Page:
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Monday, May 16, 2011

Travelogue: Off Season at South Padre Island

I’m back.  I didn’t mean to leave without saying goodbye.  It’s just that I ran out of time, what with packing and laundry and last-minute instructions for the dog sitter and all.  I tried to write while we were away, but the internet was down at the hotel, one of its many shortcomings.    

I missed you, blog readers.  Here’s a brief travelogue of our visit to South Padre Island.
Sunset on South Padre Island

SPI is best known for spring break, but it’s a whole different place this time of year.  When we first saw it across the bay, it looked like Cancun with all the new high rises since we last saw it.  Still, it’s pretty quiet during the “off” season.  Slow.  Peaceful.  Which is exactly what we wanted.  We ate, we beached, we drank, we shopped for things we may never wear again--the usual things you do on a vacation.  Here are some of the high points:

·        Eating.  We overate spectactularly.  In fact, I ate so much I made myself sick.  Seafood, naturally, is great, but they also have good Mexican food featuring seafood, like shrimp enchiladas and oyster bisque soup.  Not a bite of oatmeal the whole trip. 

§  Best food:  We tried only a few places, but the best food we had was at Blackbeard’s, Padreritaville, and Pier 19 (great sunset views--see photo above). 

·        Entertainment.  A bit thin during the off-season.  James scanned the “where-to-go-what-to-do” tourist newspaper, looking for places where we could have a drink and listen to live music.  I had my heart set on hearing a band called The Smoking Caterpillars.  Instead we meandered down the road and randomly stopped at a place called Padreritaville.   A chubby bespectacled guy in bare feet took the stage.  He was J. Micheal Laferty (yes, that’s the correct spelling), who, along with wife Cathy, own the place.  J. Micheal turned out to be a decent musician who writes and records songs, plus he was pretty funny.  He seemed to know everybody in the place, which, at this time of year, are mostly locals.  On our last night in SPI, we got a kick out of an eighty-something crooner booked at a hotel bar.  He had a repertoire of 2300 songs, and the crowd tried to stump him.  A very senior couple got up and danced to almost every song, cheek to cheek, with a bit of jitterbugging thrown in.  It was one of the those occasions where strangers come together and become a congenial group  before going their separate ways.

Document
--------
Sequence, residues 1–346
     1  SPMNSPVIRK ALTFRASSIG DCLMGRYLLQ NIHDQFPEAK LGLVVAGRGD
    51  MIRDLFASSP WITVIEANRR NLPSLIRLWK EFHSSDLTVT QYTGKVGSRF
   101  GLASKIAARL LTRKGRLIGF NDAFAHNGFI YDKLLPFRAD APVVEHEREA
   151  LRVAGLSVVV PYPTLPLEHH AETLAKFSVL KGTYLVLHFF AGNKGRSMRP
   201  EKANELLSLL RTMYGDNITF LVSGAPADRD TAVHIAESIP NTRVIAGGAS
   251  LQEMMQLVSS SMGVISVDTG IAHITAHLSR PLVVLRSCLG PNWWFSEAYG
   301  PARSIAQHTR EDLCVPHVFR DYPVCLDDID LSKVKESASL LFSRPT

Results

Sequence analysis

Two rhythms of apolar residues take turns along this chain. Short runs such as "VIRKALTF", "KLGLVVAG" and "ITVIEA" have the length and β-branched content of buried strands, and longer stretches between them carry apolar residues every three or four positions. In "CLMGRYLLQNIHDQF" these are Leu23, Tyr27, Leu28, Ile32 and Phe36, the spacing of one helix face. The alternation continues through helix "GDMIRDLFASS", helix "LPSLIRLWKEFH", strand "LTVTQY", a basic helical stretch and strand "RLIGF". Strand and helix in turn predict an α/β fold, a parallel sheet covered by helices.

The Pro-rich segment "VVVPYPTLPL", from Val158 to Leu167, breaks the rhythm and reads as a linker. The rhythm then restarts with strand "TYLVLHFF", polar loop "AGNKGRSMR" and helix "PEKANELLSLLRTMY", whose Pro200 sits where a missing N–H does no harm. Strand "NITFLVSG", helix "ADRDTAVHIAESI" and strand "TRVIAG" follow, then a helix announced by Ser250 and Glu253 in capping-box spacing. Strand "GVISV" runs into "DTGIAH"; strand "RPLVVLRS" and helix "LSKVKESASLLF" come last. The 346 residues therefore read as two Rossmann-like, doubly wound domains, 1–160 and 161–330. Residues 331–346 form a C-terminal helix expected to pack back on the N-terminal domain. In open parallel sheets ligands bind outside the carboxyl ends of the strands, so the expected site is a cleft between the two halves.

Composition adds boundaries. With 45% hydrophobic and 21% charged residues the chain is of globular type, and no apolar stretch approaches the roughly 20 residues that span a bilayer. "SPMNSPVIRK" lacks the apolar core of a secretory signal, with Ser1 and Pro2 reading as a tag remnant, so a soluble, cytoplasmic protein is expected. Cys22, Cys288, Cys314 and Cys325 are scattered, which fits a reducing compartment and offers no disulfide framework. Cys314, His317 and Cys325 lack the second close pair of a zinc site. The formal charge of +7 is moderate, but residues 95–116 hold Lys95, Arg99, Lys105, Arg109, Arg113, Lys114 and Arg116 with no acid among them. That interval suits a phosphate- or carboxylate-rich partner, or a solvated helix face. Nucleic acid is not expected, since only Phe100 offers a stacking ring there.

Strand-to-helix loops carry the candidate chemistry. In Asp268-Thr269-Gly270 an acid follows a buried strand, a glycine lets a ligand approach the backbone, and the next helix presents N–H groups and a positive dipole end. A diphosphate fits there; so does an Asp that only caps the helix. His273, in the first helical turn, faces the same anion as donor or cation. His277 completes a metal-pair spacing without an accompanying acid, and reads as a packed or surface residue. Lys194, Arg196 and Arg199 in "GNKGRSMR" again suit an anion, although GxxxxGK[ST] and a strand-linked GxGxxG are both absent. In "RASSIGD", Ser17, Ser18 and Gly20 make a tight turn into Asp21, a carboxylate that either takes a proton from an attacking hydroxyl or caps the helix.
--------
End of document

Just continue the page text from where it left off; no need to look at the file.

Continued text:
·        Sightseeing.   We took a cruise on the bay to see dolphins.  The tour was billed as an eco-tour, but the “eco” part of the tour consisted of a deckhand describing a handful of hapless sea creatures sloshing around in a tub.  We saw plenty of dolphins, though, some with babies at their side.  We couldn’t miss the turtle rescue center begun by the “Turtle Lady,” Ila Loescher, many years ago. Now it is staffed by fresh faced volunteers from all over the country. They rescue and rehabilitate injured sea turtles and monitor the hatching of Ridley sea turtles, which nest on SPI every year.  Across the bay in Port Isabel we climbed to the top of the Port Isabel lighthouse, where many years ago, James’ Uncle Charles used to change the light bulbs.  We tried to visit a couple of history museums, but they were still closed, in spite of the fact they were supposed to open at 10 am.  Time doesn't mean much in beach towns.

·        Beaches.  The best thing about our hotel room was the view of the beach.  I loved sitting on the balcony watching the waves tumble in.  On the second night we were treated to an impressive storm, with strong winds, driving rain, and lightning over the seas.  The tides and undertows seem to be stronger and the water colder than beaches farther up the coast at Corpus Christi and Galveston.  Still, we spent time by and in the sea, slathering ourselves with sunscreen, then frolicking in the waves where it all got washed off.   

·        Shopping.  You would think our mission in SPI was to visit every single beach shop on the main street.  James was determined to find a pair of khaki shorts made in the U.S.A.  This turned out to be impossible.  Everything, even expensive “American” brands, is made in China.  Meanwhile, I did my own shopping while he was looking for shorts.  I don’t like to go out of my way to shop, but there we were, and these were items I “needed.”  This time I resisted the temptation to buy souvenirs for other people.  I know they wind up on a shelf somewhere until the souvenir recipient's next garage sale. 

Little Graceland in Los Fresnos, TX

·        Most unusual place:  The Elvis Museum.  The most eccentric place we visited was the Little Graceland museum in Los Fresnos.  This museum is in the home of Simon and Theresa Vega, and, as you might guess, is dedicated to all things Elvis.  We had to wait until 10 a.m. for Little Graceland to open.  Finally, an elderly Hispanic man hobbled out to open the miniature Graceland gates and invite us in.  He spent the next hour showing us his dusty collection of memorabilia, album covers, magazines, a life-size mannequin of Elvis, and anything else you can think of that features Elvis.  Simon even has a 1955 Cadillac like the one Elvis gave to his mother, except Simon’s Caddy is blue, not pink.  Simon has a special connection with Elvis.  They were in the same Army unit at Ford Hood, then in Germany.  He had snapshots of them together in uniform.  I asked Simon whether he was ever tempted to sell his photos, and he solemnly shook his head.  Clearly, the mere suggestion of such a thing was a sacrilege.  Simon ended the tour with a song he wrote about Elvis, which was actually produced and recorded in Nashville.  We sat down and listened in reverential silence.   Then we began the long drive home. 
Simon Vega and his Elvis museum

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